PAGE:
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pO0q 🦄
pO0q 🦄

Posted on • Updated on

Git: fu** the history!

Keeping the Git History clean is not just for aesthetics. I'm aware of that, but I've seen beginners making big mistakes while trying to achieve the perfect track.

I've been there too, and I would recommend making several small commits instead, even if it contains reverts and other fixing. That's still far better than some approaches I consider unrealistic.

What? You like messy history?

Absolutely no. I'm not saying you should write whatever you want in the history just to get the job done.

However, rewriting history with commands such as reset or rebase can be dangerous, especially if you need to pass a git push --force at the end.

Don't get me wrong. I like rebase -i, as it allows reorganizing commits and having a more meaningful history.

Theoretically, you should always use it BEFORE you push anything to the remote repository. This way, you might appear as a mastermind who never commits useless or buggy stuff.

It's not actually that complicated. The problem is people tend to use it after pushing their work, which forces them to use the --force flag.

It is a very bad practice when it's the main or the master branch, but also in other branches, especially when there are several committers on the same branch, which is not rare.

What can go wrong?

You can make serious damages in search of the "Holy Git History", for example:

  • losing code and value
  • wasting precious time debugging regressions
  • messing with others' work

I know what you're thinking. There are several ways to mitigate such bad outcomes:

  • restoring the remote repository from another machine
  • regular backups
  • branch rules that protect against push --force
  • PR (Pull Requests) and reviews
  • pre-commit rules on major platforms, like GitLab

While it does help, it's still possible to modify these rules, and not all teams have them. Besides, backups may still not contain the latest version of the project.

It's necessary but not sufficient. You should definitely use that, but your approach of committing is critical.

What to do then?

Instead of trying some fancy rebase/reset commands that will ultimately override the Git history, why not use simple small commits?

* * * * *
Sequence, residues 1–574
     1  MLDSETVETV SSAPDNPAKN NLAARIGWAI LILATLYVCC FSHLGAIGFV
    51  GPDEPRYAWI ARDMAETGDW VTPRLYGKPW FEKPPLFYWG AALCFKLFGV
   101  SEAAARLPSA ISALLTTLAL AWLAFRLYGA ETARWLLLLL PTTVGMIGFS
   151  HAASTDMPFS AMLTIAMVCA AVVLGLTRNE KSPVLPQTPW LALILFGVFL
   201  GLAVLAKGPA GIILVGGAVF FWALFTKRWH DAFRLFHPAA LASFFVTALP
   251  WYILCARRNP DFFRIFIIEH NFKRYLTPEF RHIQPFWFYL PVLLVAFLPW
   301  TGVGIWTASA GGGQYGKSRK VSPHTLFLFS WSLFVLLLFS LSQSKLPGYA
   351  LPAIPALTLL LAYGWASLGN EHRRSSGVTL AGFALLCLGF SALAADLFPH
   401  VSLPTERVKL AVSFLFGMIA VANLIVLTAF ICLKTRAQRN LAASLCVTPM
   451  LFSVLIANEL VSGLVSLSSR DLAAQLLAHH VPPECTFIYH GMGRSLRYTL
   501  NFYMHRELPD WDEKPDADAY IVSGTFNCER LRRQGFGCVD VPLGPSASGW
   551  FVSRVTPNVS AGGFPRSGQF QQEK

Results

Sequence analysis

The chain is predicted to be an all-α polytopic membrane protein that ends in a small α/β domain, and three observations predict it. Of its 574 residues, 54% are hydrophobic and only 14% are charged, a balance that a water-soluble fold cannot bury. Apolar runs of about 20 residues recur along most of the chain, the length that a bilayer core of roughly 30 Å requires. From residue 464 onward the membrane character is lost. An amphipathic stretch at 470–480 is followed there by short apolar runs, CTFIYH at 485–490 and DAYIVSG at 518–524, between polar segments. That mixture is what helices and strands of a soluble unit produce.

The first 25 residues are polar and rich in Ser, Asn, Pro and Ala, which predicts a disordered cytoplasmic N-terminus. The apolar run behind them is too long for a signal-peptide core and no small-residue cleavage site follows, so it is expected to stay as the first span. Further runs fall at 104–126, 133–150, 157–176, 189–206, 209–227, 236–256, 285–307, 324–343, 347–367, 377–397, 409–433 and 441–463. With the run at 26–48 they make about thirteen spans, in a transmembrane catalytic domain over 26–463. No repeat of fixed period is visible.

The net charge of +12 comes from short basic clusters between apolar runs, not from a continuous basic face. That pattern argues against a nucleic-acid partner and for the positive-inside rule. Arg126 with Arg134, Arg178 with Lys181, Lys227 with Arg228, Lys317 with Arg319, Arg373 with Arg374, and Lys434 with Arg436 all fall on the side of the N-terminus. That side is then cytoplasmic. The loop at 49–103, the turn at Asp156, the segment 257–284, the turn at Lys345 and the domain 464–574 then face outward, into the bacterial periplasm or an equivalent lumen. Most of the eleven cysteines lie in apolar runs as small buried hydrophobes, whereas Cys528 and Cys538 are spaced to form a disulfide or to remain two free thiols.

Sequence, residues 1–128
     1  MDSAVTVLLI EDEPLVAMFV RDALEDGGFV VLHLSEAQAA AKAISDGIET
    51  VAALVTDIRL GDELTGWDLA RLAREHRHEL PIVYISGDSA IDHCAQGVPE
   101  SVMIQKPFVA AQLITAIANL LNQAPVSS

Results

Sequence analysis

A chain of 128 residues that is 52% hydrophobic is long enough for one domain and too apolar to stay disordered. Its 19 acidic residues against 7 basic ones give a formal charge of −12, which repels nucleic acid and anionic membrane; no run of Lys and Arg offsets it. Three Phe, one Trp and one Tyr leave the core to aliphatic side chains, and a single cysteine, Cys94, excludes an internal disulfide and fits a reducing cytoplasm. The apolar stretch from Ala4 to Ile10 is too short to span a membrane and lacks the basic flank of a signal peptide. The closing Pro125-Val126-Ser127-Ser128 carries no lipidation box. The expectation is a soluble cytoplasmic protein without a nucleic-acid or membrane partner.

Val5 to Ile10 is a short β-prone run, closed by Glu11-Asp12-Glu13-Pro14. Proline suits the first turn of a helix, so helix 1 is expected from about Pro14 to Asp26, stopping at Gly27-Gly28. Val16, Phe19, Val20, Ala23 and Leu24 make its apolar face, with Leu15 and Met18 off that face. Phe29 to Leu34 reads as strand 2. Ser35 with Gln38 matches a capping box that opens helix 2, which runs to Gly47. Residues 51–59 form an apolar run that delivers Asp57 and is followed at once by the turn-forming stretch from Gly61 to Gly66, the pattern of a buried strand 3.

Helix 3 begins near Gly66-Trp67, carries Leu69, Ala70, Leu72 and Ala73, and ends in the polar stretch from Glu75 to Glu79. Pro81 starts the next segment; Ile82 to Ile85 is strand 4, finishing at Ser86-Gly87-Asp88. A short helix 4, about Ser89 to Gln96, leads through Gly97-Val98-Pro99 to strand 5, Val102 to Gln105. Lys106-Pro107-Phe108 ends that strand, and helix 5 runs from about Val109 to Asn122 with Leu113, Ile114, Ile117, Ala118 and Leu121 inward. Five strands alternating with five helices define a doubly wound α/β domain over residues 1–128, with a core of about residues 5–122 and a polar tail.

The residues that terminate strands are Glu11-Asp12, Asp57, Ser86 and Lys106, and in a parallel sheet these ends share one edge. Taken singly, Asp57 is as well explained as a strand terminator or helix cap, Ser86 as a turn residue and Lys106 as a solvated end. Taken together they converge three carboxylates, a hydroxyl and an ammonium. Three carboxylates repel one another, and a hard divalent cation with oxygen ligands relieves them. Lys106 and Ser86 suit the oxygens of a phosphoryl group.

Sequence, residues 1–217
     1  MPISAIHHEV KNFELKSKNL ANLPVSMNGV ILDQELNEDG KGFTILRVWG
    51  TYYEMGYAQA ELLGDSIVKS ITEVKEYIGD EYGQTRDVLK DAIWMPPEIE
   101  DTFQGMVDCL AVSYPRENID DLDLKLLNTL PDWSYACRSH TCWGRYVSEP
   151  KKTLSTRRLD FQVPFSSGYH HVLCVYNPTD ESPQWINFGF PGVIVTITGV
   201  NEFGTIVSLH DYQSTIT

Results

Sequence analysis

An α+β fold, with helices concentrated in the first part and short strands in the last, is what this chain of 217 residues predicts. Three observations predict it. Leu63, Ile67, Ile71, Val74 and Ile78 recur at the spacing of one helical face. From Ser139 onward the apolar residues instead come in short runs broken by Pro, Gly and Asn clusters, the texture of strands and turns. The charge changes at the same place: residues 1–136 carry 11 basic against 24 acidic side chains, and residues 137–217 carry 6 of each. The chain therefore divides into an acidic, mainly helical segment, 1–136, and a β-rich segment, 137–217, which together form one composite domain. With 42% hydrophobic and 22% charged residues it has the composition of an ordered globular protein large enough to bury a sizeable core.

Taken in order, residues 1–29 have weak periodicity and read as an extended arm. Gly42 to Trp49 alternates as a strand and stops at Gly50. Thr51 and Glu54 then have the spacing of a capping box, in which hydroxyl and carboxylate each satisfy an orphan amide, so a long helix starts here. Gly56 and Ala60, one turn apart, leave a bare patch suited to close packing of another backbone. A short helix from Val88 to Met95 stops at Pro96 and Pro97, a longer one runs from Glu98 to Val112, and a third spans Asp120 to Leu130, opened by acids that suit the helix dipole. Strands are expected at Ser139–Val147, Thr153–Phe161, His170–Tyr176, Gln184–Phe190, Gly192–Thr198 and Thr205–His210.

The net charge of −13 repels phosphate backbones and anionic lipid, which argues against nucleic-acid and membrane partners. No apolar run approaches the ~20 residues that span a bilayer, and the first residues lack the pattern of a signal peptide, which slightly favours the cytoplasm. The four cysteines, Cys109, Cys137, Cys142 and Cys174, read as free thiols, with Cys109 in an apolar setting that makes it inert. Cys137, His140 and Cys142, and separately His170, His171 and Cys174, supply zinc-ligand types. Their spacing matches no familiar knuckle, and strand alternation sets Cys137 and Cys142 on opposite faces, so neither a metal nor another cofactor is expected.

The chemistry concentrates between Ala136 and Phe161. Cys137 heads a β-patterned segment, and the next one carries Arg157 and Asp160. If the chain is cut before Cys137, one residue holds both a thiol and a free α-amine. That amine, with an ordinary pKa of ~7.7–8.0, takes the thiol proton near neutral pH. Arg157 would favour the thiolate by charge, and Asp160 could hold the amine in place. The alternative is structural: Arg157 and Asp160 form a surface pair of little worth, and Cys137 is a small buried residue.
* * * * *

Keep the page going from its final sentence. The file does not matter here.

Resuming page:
If you don't want your name to be associated with commits like "revert xxx" or "fix commit xxx," please consider that messing with the Git history is worse, for sure.

To make your life easier, you can also use resources like Husky that leverage pre-commit hooks.

It means that you can define some rules, even apply a custom sh script before any commit, which can prevent lots of nasty bugs and other syntax errors.

Indeed, making small simple commits should reduce those errors, but it's still possible.

Husky is not the only solution available, but it's one of the most robust and popular.

I want to do it without NPM

I would not recommend the "DIY" approach, especially to beginners, but if you're curious about git hooks, you can look into the .git/hooks folder of your project:

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Then, you may rename the file you want to use (remove the .sample extension), for example:

cp -n pre-commit.sample pre-commit
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If you don't use NPM, you can leverage another package manager like pip (Python):

pip install pre-commit
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You can learn more here:

Wrap up

Don't think the Git History is the ultimate achievement. It IS important, but not at all costs.

The word "clean" can be confusing. Readability is more useful for you and your team. If your teammates can easily read your commits, then it's easy to review, which should be a priority for you, IMHO.

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